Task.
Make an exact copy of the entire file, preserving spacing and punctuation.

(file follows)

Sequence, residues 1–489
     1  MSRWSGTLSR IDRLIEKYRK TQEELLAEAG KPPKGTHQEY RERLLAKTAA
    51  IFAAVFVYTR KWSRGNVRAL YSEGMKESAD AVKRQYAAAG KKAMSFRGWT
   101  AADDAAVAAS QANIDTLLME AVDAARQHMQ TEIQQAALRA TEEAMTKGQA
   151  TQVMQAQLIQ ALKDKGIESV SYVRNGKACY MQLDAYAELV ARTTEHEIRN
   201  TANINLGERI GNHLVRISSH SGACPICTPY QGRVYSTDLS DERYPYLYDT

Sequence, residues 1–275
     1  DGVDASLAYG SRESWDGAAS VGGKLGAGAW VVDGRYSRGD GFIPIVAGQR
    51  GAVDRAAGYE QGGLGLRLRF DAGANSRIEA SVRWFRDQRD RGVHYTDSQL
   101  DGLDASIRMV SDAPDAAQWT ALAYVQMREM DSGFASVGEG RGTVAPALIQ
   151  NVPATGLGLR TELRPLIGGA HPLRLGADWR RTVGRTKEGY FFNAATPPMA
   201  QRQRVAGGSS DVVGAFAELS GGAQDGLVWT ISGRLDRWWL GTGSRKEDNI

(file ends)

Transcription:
Sequence, residues 1–489
     1  MSRWSGTLSR IDRLIEKYRK TQEELLAEAG KPPKGTHQEY RERLLAKTAA
    51  IFAAVFVYTR KWSRGNVRAL YSEGMKESAD AVKRQYAAAG KKAMSFRGWT
   101  AADDAAVAAS QANIDTLLME AVDAARQHMQ TEIQQAALRA TEEAMTKGQA
   151  TQVMQAQLIQ ALKDKGIESV SYVRNGKACY MQLDAYAELV ARTTEHEIRN
   201  TANINLGERI GNHLVRISSH SGACPICTPY QGRVYSTDLS DERYPYLYDT

Sequence, residues 1–275
     1  DGVDASLAYG SRESWDGAAS VGGKLGAGAW VVDGRYSRGD GFIPIVAGQR
    51  GAVDRAAGYE QGGLGLRLRF DAGANSRIEA SVRWFRDQRD RGVHYTDSQL
   101  DGLDASIRMV SDAPDAAQWT ALAYVQMREM DSGFASVGEG RGTVAPALIQ
   151  NVPATGLGLR TELRPLIGGA HPLRLGADWR RTVGRTKEGY FFNAATPPMA
   201  QRQRVAGGSS DVVGAFAELS GGAQDGLVWT ISGRLDRWWL GTGSRKEDNI